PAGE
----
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Finders Keepers: The Secret to Relationship-Based Marketing
Becoming a successful practitioner has less to do with what you learned in school, and more to do with your ability to find new patients and keep them!
A Chinese Medicine Story: An Interview with Mazin Al-Khafaji
Mazin Al-Khafaji's work has interested me for years. In February 2014, we invited him for the second time to speak at the Southwest Symposium in Austin, Texas.
By the Numbers: 3 Common Financial Mistakes With Major Consequences
Warren Buffett is on record for sharing the hidden art of becoming wealthy and making it simple enough for anyone to grasp.
Immunizations by Colorado DCs: Really?
You probably didn't hear about it, but back on Nov. 21, 2013, the Board of Directors of the Colorado Chiropractic Association (CCA) adopted "immunization authority" for Colorado DCs as its No. 2 legislative goal.
Building From the Bottom Up
I caught up with my dear friend Honora Wolfe, in her Colorado painting studio where, if she is not praying in Bhutan or doing charitable work in a Nepali free clinic, she spends most of her time now.
The Science of Stretching
In 1986, Rob DeCastella set a course record by running the Boston Marathon in 2:07:51, just 39 seconds off the world record.
Coding for the Subluxation: ICD-9 vs. ICD-10
When I attended chiropractic school, I was taught that chiropractors approach health care differently than the traditional medical establishment.
A History Worth Telling
The popularity and the use of acupuncture for the treatment of animals in the United States is at its peak.
Remembering Clarence Gonstead and 50 Years of the Gonstead Clinic
Dr. Clarence Selmer Gonstead (1898-1978) took chiropractic practice from back-alley bone setting to an understandable biomechanical science. His life was dedicated to clinical competency.
Peer Points: Always Seeking To Grow
Ellen "Kiki" Geary has spent the last decade honing her craft. As a specialist in integrative holistic care, she went straight from completing her master's degree in acupuncture and chinese herbal medicine from Bastyr University to building a successful and thriving practice in the small community of Anacortes, Washington.
Medical Qigong for the Heart: Part III
Part 1 and Part II of this series focused on the physical aspect of the Heart and mental emotional aspects of the Heart respectively. Now, I would like to focus on the spiritual aspect of the Heart.
Are You a Bad Chiropractic Patient?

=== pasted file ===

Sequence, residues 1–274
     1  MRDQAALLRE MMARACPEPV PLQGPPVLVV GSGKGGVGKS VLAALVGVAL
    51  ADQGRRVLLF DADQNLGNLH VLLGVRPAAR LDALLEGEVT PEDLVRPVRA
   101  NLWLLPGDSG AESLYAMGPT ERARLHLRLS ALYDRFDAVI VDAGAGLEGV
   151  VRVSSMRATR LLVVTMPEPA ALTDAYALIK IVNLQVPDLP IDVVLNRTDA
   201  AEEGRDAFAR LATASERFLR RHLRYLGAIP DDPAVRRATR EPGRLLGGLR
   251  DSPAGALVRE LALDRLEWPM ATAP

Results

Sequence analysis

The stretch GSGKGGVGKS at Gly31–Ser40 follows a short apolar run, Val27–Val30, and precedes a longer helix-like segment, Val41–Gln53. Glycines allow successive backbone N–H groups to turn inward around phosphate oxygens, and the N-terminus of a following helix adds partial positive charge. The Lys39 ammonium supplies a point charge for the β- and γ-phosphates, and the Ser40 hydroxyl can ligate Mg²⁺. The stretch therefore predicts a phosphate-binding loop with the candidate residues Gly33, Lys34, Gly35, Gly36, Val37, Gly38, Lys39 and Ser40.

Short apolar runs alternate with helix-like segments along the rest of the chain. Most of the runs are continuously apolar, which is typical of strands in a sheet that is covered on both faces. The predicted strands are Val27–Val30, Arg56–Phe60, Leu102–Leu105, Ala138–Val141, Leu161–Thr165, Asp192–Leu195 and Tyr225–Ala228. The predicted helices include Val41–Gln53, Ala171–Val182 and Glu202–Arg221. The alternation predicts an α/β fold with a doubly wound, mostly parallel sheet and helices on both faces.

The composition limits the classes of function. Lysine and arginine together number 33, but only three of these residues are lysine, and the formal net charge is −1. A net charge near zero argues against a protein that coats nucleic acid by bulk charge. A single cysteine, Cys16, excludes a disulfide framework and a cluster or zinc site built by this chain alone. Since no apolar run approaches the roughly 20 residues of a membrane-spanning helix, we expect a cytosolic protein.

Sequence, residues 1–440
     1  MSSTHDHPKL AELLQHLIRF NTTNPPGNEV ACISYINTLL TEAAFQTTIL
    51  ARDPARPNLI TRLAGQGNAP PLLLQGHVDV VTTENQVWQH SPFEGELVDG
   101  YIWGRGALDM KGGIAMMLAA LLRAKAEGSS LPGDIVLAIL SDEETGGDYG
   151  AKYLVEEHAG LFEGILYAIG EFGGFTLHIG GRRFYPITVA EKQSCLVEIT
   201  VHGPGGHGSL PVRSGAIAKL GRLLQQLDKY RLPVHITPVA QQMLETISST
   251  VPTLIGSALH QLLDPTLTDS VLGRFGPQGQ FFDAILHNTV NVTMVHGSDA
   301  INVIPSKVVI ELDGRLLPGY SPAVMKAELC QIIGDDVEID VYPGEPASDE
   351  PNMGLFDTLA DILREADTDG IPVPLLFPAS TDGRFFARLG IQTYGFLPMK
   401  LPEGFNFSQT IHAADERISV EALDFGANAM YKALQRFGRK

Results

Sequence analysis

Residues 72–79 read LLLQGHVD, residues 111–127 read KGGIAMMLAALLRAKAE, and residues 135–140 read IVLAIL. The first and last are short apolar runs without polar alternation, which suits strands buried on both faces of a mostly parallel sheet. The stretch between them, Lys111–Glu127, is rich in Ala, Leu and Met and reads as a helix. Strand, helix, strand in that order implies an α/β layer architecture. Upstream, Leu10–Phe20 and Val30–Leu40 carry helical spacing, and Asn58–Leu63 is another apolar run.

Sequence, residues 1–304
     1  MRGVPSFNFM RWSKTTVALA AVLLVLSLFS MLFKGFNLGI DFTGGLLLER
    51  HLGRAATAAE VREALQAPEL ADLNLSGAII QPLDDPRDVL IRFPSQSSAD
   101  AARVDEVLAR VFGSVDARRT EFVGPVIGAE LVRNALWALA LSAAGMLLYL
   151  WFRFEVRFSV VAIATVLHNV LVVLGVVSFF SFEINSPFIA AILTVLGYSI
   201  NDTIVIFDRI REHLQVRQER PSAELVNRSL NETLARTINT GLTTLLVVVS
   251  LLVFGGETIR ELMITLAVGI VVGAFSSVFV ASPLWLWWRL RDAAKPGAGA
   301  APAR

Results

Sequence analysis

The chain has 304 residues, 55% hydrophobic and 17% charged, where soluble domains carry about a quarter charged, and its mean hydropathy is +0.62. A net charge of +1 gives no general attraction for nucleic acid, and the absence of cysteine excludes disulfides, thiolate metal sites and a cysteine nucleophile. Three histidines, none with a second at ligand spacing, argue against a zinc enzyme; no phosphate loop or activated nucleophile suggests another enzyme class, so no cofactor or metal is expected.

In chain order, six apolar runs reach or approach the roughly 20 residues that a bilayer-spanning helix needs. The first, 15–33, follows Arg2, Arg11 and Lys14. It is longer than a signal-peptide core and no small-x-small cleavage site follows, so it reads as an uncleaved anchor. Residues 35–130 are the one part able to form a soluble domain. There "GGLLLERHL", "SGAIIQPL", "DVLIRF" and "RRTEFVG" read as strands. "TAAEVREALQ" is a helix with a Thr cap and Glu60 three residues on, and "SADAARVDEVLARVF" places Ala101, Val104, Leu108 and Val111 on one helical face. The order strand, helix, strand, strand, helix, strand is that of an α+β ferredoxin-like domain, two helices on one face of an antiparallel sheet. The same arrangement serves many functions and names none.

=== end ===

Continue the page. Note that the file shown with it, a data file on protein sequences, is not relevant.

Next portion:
My father was a great DC. In fact, as you might expect, he was the doctor of chiropractic I measured all other doctors against. Sadly, he died at age 61 when I was in my early 30s.
Why You Should Include the Single-Leg Stance Test in Every Patient Assessment
The single-leg stance (SLS) test, also known as the single-limb stance test, unipedal stance test or one-legged stance / balance test, is often used in the geriatric population to assess static postural and balance control.
New Medical Technologies You Need to Know
We're all familiar with how fast computers become obsolete, as well as the rapid pace of development in the field of cell phone technology. The latest smart phones are far more powerful than desktop computers were only a few years ago.
Curbing Label Overwhelm
For the average consumer, reading a food package can be overwhelming: natural, organic, non-GMO, gluten free, free range ... you get the picture.
A Guide for Talking to Doctors about Acupuncture and Brain Chemistry
Before I begin any discussion of how to talk about the effects of acupuncture on brain chemistry, nervous and endocrine function, it is essential to understand just what physicians most need help with.
Knee Pain From the Kinetic Chain
As practitioners of manual medicine, chiropractors often treat patients suffering from knee pain.
Fibromyalgia: Put the Pain in Its Place
While some fibromyalgia patients respond favorably to regular chiropractic care, others experience minimal relief. Unfortunately, many of these patients must rely on pharmacological management to relieve their constant pain.
Physical Exam 101: The Hands
I am sure you are familiar with the old adage: "When the only tool in your toolbox is a hammer, everything starts to look like a nail."
May, 2014, Vol. 14, Issue 05
To Be an Employee, a Contractor or Self Employed? That is the Question
By Angie Patrick
Our industry has a wide array of opportunity for the newly graduated therapist. It also presents a wealth of opportunity for seasoned therapists who may have been hit hard in the past years of economic uncertainty.Recently, I read a survey from the Day Spa Association sharing that 2013 and 2014 have shown some significant increases. It claims the Spa Industry is indeed in growth mode.
This news is indeed encouraging. Moreover, I have had a number of conversations with employers within the spa and wellness industry who claim they are on constant lookout for therapists, as the need of the wellness seeking public outnumbers the quantity of therapist applicants. In one case, I learned that the lack of available therapists caused locations to close rooms and turn away clients as a result of not having enough personnel to cover the demand.
I have spoken to therapists in private practice who also share they could expand their practice, if only there were two of them. They have more need for their services than they have time in the day to assist. This news also sounds encouraging. Could it be that the need for therapists has grown and people understand the importance of massage therapy in their lives, health and wellbeing? It sure sounds like it!